Last week, we told you about a troublesome "phone home" feature in iTunes MiniStore -- one of the new "improvements" in iTunes announced at MacWorld. The MiniStore looks at what you listen to and suggests additional songs and artists you might like, but they were some big problems with it: it arrived in the latest iTunes update turned on by default; it automatically transmits information back to Apple; and what Apple did with that information was unknown. Apple also did not disclose the steps they were taking to prevent disclosure or leakage of the information to third parties. Some users found that iTunes also sent along your Apple ID -- personal information that is apparently linked to other identifying information that Apple has on file.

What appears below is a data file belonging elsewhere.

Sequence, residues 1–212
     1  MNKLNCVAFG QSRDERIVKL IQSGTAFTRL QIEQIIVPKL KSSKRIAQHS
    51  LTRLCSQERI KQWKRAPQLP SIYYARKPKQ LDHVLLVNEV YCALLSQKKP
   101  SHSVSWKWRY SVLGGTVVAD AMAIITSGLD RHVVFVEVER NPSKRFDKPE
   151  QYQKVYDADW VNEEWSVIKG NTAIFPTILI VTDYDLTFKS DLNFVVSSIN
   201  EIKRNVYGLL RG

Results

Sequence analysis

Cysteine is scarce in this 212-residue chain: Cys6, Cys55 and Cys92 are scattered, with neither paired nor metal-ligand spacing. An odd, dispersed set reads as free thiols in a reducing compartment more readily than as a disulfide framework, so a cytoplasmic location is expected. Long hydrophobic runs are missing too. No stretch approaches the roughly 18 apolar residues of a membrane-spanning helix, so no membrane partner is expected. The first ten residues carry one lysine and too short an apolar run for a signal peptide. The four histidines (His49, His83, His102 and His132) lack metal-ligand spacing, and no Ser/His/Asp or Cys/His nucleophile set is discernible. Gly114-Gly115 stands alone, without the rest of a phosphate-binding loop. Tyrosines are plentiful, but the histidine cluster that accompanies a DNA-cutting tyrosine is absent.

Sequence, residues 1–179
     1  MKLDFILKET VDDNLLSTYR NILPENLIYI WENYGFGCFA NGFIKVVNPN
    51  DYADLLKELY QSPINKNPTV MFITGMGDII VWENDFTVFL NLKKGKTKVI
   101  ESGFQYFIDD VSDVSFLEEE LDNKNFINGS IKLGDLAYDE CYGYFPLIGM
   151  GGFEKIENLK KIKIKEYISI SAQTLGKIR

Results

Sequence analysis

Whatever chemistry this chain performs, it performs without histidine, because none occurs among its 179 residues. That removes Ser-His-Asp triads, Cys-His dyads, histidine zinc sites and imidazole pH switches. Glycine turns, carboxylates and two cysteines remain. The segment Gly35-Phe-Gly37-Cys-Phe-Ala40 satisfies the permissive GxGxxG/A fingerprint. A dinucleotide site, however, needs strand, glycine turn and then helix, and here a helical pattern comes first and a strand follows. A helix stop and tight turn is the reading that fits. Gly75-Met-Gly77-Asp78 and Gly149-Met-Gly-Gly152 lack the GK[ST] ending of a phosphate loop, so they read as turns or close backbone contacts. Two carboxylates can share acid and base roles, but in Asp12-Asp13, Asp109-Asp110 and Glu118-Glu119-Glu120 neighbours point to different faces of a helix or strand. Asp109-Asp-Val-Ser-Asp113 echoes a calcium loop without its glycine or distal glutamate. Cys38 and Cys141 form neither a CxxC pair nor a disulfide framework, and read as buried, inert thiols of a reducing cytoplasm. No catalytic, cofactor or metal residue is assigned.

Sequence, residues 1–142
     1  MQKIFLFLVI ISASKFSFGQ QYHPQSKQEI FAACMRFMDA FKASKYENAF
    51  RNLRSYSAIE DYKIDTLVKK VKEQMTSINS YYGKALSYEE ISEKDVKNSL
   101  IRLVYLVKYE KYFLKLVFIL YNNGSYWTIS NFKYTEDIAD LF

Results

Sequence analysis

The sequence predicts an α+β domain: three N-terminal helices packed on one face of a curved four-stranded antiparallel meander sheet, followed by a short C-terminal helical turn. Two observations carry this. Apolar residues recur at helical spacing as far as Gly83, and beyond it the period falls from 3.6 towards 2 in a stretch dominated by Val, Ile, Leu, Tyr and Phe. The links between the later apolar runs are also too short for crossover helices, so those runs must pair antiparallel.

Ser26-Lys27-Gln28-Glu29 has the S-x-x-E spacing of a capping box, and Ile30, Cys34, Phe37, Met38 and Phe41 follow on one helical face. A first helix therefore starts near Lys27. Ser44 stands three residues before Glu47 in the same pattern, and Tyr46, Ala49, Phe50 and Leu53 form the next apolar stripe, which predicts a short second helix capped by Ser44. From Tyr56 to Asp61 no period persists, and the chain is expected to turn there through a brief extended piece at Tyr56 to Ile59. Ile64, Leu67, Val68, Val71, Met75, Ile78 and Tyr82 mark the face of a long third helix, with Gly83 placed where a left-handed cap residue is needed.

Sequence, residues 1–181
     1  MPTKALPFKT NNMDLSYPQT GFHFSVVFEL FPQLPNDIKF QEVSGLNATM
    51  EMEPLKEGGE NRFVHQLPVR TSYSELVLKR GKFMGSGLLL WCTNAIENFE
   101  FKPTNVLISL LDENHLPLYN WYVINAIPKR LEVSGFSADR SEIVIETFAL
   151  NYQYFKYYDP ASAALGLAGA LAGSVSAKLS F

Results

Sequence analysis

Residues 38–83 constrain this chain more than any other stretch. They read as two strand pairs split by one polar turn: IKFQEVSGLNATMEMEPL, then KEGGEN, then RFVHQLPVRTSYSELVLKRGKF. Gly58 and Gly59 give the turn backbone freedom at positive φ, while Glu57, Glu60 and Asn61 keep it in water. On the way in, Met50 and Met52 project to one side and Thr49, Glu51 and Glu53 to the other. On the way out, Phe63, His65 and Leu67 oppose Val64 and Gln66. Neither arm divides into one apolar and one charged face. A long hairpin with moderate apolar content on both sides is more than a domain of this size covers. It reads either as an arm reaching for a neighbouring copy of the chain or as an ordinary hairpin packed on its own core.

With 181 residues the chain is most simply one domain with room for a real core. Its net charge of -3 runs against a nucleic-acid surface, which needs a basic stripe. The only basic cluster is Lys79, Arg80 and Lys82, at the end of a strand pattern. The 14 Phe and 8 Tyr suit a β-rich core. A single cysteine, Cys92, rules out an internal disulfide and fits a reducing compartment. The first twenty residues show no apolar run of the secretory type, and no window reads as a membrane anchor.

After much public criticism, however, Apple has taken action. It is now offering a new update to the program that is a bit more privacy-friendly. A dialog box now asks you for your permission to activate the feature, and says that Apple does not keep any information related to your music library. This is certainly a step in the right direction -- it solves the default and some of the disclosure problems -- but Apple can and should do more. For example, why do they need that Apple ID, anyway? And if they aren't keeping the information, then what are they doing with it? The key to good communication and consumer protection is honesty and transparency; while Apple may have fixed some of its immediate problems, it still hasn't met its customers eye-to-eye on its data collection practices. Until then, every new "update" from Apple poses the same potential for privacy invasion.